On Wednesday, President Barack Obama announced plans to “normalize relations” between the U.S. and Cuban governments, effectively lifting a half-century trade embargo that the U.S. imposed on the island nation in 1963. Obama noted that the American policy of isolating Cuba has not worked, and agreed with Cuban President Raul Castro to exchange prisoners, open embassies, and ease restrictions on commerce and trade.
We asked Amílcar Antonio Barreto, an associate professor of political science and an affiliated faculty member of the International Affairs and African American Studies departments, to explain what this historic policy shifts means for the two countries, which are separated by just 90 miles of water.
What does this “normalized relationship” mean for the U.S. and Cuba now? How will both countries benefit?
While normalization will bolster some American exports, the economic impact on Cuba will be quite considerable. Before the 1959 revolution, the United States was Cuba’s largest trading partner. In relatively short order that is likely to resume. Normalized relations will not end American disapproval of Cuba’s human rights record, but such criticisms will not impede bilateral trade. In that regard, U.S. relations with Cuba will parallel Washington’s many dealings with non-democratic states. And with full diplomatic relations, Cuban citizens will have the opportunity to apply for work permits in the U.S., legally immigrate, and facilitate family reunions across the Straits of Florida.
Beyond the resumption of diplomatic exchanges along with opening embassies and consulates, normalization may signal American willingness to allow Cuba to join the Organization of American States—a move Washington has been blocking for decades. But normalization will not solve all bilateral disputes, such as the status of the U.S. Naval station at Guantánamo Bay. That is likely to remain, for the time being, a sore subject between Havana and Washington.
Why is now the time to ease the embargo restrictions and open a dialogue with Cuba?
Domestic political considerations loom large over this decision’s timing. It’s too late for this issue to negatively impact either Obama’s re-election or any off-year elections under his watch. Concurrently, this announcement was made well in advance of the upcoming presidential race. By the time the 2016 elections roll around, formal relations between Cuba and the U.S. will be a fait accompli. With only two years remaining in his presidency this is the right time for Obama to contemplate and execute bold policy moves that will leave a lasting imprint on his legacy.
The announcement’s timing also speaks volumes about the changing status of Cuban Americans. Fidel Castro’s ascent trigged a mass exodus to Florida. This diaspora exemplified economic and cultural life in southern Florida. Cuban Americans dominated Latino politics in a state that is a quarter Latino, and growing. But the continued demographic upsurge in Florida’s Latinos is non-Cuban. While they speak the same language, these new Latinos do not share the same anti-Castro outlook. Furthermore, younger Cuban Americans are not as opposed to normalizing relations with Havana as their elders. This announcement portends a future Florida where opposition to the Castro regimes carries less political weight.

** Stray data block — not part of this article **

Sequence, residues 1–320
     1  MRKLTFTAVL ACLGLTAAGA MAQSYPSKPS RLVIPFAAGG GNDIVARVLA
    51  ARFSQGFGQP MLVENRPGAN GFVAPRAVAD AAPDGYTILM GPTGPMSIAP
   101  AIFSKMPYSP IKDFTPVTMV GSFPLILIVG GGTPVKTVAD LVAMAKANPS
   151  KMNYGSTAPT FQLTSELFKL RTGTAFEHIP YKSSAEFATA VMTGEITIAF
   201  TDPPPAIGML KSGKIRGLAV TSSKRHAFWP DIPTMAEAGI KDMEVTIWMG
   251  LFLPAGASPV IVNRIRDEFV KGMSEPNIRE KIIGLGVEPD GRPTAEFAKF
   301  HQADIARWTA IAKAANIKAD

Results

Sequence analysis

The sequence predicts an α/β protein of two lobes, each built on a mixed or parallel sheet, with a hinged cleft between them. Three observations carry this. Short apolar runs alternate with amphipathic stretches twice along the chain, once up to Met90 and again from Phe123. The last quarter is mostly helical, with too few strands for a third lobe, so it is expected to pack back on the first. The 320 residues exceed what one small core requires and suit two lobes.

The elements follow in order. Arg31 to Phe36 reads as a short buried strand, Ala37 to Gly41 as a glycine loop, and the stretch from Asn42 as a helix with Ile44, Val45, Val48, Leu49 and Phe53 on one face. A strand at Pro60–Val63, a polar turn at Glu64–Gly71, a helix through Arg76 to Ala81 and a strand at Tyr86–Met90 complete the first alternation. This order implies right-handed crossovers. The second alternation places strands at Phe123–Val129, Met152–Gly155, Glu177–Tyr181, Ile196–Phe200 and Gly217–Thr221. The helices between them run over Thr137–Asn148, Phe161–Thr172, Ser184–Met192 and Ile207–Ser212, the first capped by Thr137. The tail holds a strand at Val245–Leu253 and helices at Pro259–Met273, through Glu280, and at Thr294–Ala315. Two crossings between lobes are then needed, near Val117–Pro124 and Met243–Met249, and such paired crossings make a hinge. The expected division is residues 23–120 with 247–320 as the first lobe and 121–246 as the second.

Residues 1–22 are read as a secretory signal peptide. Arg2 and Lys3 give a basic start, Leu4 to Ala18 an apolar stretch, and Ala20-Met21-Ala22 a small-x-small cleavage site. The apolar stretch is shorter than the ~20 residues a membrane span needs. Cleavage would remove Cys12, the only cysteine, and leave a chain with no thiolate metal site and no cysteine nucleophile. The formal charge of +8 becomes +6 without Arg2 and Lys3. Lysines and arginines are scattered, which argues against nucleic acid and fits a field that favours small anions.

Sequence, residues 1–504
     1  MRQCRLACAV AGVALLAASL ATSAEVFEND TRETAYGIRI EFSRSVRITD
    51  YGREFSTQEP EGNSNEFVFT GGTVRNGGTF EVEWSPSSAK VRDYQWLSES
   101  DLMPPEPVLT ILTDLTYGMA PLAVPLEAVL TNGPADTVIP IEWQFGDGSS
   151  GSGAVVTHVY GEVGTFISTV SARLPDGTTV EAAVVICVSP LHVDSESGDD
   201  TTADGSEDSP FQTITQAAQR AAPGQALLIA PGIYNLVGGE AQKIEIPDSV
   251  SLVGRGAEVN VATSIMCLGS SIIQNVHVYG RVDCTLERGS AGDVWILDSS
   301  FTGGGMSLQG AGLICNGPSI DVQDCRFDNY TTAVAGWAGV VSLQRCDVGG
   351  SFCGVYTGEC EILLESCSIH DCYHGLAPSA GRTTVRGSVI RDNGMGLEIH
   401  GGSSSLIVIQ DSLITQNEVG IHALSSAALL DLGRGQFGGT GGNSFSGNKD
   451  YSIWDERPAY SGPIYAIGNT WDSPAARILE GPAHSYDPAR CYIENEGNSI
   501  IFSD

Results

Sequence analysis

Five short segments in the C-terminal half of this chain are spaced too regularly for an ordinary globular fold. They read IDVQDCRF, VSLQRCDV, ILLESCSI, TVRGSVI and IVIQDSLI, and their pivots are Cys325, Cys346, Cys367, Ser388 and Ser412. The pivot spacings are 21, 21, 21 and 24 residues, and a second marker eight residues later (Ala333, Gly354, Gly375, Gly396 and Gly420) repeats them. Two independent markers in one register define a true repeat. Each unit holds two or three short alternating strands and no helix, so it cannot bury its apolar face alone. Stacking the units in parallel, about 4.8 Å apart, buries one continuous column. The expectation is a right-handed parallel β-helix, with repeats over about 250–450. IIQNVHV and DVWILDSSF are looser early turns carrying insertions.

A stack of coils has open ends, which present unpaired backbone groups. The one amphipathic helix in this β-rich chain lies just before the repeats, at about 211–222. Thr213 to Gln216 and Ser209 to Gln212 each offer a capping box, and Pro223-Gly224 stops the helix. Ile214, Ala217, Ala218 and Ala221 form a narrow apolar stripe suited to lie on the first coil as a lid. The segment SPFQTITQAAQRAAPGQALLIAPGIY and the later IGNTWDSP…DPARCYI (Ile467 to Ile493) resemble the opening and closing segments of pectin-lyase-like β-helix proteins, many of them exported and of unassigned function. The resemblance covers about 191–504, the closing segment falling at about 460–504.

In his address announcing the diplomatic breakthrough, President Obama noted that the American policy of isolating Cuba for the past half-century has not worked. What parts of the embargo have hurt Cuban society the most?
The U.S. economic embargo net around Cuba is replete with gaps. Rather than purchase products directly from the U.S., Cuba has long been able to buy American products via third parties, such as Mexico, Panama, and Venezuela. Still, that trade hurdle augments their costs. High prices for American goods constitute a considerable barrier to the average Cuban consumer. The fortunate few include Cubans with relatives abroad who financially aid their families through remittances.
While Cuban agricultural products—particularly sugar, rum, and tobacco—found markets outside the U.S., the country had not succeeded in completely replacing Americans’ absent impact on tourism. European and Canadian travelers fill part of that void, but not all. Particularly in the wake of the Soviet Union’s collapse, Canadians and Europeans are among the largest foreign investors in the Cuban economy. Venezuela and China have also made considerable investments in Cuba. But these investments pale in contrast to what Americans would directly invest were it not for the embargo. The embargo has also extricated the average Cuban from the technological revolution of the past couple of decades.